holzinger & riebeek, kein applaus für scheisse

Kein Applaus fur Scheisse, Holzinger & Riebeek, IBT13 Kein Applaus fur Scheisse, Holzinger & Riebeek, IBT13
photo Oliver Rudkin
I find myself thinking back to Untitled later in the weekend, when Florentina Holzinger and Victor Riebeek stage Kein Applaus Für Scheisse, also an account of negotiations between a man and woman, but this time it’s a goofy, sweet portrait of the artists’ real-life relationship—albeit thoroughly excretal. Dressed like acid-house hippies and singing bad karaoke, Holzinger and Riebeek present a series of tableaux with their bodies and bodily functions at the centre. He eats a trail of red string from her vagina; they dance in formal but bungled style, limbs knocking against each other; he urinates on her and she spits it out into his open mouth. In this instance you don’t need to see the audience’s faces. You can hear them. At the point where Riebeek genuinely and repeatedly vomits a startling pure blue liquid onto Holzinger’s arching body, there are gasps, jeers, laughter, and someone behind me involuntarily exclaims: “Easy, tiger!” But beyond the human fluids, the pictures are slowly becoming more formal, more obviously constructed, more touching even. It’s awkward but honest. Holzinger looks up at us, covered in her lover’s blue bile, and mutters: “I need to take antibiotics, I have the allergies.” It’s another ritual from an obscure corner of the world, but this time you get the sense that these two dancing geeks will keep on changing it, making it relevant to each destination and each other as they see fit, and shrugging off anyone who thinks it perverse.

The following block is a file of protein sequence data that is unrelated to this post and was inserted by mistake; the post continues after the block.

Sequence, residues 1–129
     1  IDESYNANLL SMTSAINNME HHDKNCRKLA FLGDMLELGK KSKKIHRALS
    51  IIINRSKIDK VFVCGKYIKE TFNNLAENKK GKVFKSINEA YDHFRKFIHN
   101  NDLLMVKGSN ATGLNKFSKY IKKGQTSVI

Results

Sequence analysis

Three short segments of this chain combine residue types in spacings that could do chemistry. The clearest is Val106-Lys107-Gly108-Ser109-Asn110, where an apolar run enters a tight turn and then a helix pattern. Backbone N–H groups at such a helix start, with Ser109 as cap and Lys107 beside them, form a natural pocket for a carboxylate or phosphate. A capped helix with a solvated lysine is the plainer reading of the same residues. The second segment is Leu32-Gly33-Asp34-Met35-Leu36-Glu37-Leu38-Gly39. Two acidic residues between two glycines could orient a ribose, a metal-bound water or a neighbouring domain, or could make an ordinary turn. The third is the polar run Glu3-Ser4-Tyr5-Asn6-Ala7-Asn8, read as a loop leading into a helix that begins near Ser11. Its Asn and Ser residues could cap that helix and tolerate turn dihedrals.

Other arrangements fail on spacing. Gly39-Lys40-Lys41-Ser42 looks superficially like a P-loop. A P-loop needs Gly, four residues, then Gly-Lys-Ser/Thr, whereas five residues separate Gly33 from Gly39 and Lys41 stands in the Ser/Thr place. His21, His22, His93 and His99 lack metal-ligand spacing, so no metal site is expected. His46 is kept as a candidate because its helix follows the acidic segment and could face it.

the vacuum cleaner, mental

The vacuum cleaner (“an artist collective of one”) in his solo show, Mental, invites us into a very different kind of autobiography. It’s billed as a work-in-progress but already constitutes one of the most powerful portraits of creativity and depression I’ve ever seen. Twelve of us are bussed to a sparsely furnished bedroom in a hilly part of the city and fed tea and cake until the artist emerges, rheumy-eyed, from underneath a duvet. With grim countenance he pulls folders bulging with documents from under the covers and pillows: his psychiatric reports, his police records. One by one he slides acetates onto an OHP, reads out extracts, then flicks them away, as the story of his fight with the black dog plays out through medical assessments and the unintentionally hilarious prose employed by officers of the law. It’s a heart-rending journey—because the vacuum cleaner has set himself up for a fall: his work, anchored in activism and social justice, is about desperately hoping for the best from the world. And on those terms the world often tends to kick you in the teeth.